Building a Nature Pond Part 2: Getting Started

Getting Started

Measuring out

This guide is about building ponds with flexible liners. Although the flexible part of its name comes from the flex in its material you can also be quite flexible about measuring out the shape and size your pond is going to be. If you are planning a small oval shaped pond, then measuring out is so simple as to almost not be required. You can just start digging with your spade, being mindful of the size of liner you are planning to purchase or have purchased. If you are creating a larger complex shape or perhaps a more rigid shape like a neat square shape then you need to measure out with some guides.

What do I use for guides? Well, if you are planning on digging a straight square or rectangle pond then 4 tent pegs or small 6 inch pieces of wood make good guides. One hammered in upright at each corner with a length of string connecting them to form a square or rectangle in the ground. For example, if you wanted to make a 2 metre square shaped pond, then its just a case of hammering the pegs in 2 metres apart.

Digging Tools

If you plan to do a more natural shape then a hose pipe or length of rope laid in the shape you choose, this will provide the guidance for digging. Alternatively, take a can of paint and mark out the shape you want.

Digging Tools


The width of the pond is dependent on several factors:

  • How much room you have and are preperared to dedicate to your pond. Go too small and you are going to have regrets later on especially if it dries out quickly in our hotter summers. Go too big and you might think…what have I done?!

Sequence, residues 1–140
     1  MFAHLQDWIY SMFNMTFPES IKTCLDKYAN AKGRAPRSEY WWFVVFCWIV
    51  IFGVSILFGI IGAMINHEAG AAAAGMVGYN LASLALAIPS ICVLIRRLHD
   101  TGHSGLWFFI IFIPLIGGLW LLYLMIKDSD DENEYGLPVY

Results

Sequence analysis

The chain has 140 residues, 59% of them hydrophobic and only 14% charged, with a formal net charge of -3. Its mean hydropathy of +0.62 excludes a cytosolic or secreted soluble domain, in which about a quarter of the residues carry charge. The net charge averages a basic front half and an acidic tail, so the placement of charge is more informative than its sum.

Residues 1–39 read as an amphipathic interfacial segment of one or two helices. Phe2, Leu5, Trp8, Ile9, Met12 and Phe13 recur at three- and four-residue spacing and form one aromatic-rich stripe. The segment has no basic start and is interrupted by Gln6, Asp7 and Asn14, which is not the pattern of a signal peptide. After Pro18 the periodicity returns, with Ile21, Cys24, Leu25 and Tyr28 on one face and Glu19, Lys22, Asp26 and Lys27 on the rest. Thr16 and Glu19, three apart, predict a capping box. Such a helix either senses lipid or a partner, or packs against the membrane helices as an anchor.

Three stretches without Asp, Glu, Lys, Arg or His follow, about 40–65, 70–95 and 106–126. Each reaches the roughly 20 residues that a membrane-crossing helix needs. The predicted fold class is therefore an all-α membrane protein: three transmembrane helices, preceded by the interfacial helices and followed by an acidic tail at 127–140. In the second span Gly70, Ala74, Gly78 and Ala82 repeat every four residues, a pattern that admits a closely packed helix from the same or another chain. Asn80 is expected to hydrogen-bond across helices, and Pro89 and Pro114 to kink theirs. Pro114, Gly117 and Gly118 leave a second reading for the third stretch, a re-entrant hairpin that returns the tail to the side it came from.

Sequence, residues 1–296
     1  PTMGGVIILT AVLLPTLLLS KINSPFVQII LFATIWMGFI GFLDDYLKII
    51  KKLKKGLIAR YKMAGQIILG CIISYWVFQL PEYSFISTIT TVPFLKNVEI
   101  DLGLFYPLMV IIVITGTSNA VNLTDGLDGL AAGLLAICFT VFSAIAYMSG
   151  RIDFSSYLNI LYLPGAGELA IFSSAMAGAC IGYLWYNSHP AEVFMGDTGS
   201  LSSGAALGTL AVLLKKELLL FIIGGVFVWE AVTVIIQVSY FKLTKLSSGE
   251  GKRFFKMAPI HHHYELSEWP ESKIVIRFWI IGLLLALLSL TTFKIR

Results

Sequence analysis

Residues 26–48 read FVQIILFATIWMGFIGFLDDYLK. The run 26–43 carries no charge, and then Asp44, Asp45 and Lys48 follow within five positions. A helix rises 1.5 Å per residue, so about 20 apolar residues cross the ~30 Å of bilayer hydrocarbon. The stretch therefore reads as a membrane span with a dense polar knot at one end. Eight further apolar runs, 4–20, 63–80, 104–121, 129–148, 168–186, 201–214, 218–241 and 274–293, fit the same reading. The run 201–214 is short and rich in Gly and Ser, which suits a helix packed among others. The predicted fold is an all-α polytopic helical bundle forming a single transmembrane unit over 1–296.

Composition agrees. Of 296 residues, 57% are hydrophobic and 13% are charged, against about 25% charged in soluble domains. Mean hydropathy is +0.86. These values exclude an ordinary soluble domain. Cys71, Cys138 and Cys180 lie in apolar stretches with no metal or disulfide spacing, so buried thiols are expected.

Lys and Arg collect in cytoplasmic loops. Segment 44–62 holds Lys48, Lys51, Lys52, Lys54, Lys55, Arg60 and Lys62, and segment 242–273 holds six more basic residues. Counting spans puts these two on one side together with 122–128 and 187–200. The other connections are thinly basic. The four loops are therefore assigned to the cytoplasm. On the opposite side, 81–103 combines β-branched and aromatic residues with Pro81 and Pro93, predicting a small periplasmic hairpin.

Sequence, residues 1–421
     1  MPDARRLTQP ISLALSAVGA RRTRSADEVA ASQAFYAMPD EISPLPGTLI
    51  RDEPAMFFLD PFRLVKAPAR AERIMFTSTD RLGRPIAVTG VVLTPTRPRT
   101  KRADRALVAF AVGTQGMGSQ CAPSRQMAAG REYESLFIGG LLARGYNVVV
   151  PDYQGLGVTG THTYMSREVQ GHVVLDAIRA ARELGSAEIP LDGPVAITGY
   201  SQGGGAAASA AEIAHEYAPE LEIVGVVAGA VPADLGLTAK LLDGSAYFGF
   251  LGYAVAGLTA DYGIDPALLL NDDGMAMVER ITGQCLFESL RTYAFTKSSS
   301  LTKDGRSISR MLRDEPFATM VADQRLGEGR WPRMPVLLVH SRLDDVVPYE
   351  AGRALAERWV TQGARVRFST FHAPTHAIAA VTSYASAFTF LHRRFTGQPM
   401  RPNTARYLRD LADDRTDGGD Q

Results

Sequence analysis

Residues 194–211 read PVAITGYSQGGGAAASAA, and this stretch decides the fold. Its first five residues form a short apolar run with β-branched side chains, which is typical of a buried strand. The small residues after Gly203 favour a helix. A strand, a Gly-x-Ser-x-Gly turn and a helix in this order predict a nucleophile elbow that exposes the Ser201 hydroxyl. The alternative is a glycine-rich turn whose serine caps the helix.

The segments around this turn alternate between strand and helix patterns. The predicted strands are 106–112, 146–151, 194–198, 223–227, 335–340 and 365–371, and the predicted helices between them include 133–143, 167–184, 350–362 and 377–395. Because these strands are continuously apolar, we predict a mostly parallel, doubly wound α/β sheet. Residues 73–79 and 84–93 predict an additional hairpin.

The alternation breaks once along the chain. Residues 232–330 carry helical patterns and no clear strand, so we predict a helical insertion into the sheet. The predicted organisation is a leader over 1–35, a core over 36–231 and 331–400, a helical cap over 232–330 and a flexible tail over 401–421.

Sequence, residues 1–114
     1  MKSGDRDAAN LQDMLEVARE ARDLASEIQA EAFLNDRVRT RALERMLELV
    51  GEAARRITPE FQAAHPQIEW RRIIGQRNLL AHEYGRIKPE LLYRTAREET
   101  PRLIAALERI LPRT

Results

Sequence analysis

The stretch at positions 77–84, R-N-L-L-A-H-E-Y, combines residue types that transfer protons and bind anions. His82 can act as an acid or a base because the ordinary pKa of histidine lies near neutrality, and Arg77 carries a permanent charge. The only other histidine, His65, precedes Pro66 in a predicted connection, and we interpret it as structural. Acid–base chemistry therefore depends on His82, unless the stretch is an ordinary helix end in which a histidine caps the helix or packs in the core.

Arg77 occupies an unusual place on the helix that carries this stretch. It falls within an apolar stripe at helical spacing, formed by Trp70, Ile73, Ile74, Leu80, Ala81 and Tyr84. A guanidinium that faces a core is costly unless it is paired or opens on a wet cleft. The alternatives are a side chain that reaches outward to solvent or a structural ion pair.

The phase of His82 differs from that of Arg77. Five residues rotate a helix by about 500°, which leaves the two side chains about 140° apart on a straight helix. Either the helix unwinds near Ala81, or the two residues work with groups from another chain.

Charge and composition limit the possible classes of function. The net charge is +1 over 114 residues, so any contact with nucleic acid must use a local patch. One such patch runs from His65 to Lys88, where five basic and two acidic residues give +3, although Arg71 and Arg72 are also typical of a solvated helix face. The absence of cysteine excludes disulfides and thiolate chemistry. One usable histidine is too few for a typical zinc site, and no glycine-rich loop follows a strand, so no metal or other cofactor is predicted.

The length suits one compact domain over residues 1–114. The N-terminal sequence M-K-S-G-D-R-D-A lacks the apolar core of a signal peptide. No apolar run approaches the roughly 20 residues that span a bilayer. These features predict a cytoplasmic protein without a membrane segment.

• Will you need to fence it off for health and safety reasons or perhaps to help keep foxes or pets out? Too big and fencing becomes more arduous.
  • What kind of animals do you want to attract? Of the likely amphibians you might get in your UK pond, Common frogs, Palmate and Common Newts will breed in a small sub 1 metre square pond but Toads and Great Crested Newts tend to prefer wider and deeper ponds.
  • Soil removal. You will likely want to get rid of the soil you dig up and soil has a habit of expanding when it is dug out of its compacted ground state.


Not much in the way of preparation is needed - however there are a couple of things to consider.

  • Where will you put the excavated soil whilst you are digging. You need to put it sufficiently far enough away that it doesn’t get in the way of digging and gives enough clearance for laying the liner. A mentioned previously uncompacted soil eats space up very quickly.
  • The weather. Fairly obvious really but the weather has a bearing on your pond digging. If it is mid-summer then the ground will be hard and there may be no rain water about to fill the pond with. Neither are show stoppers, but worth considering. The same if it is very wet, the ground will be soggy and once you start digging it will get to the stage where you can invite some friends round to re-enact the Battle of the Somme. Well, perhaps that is a overstating it a bit but you will get muddy!

Continue to Part 3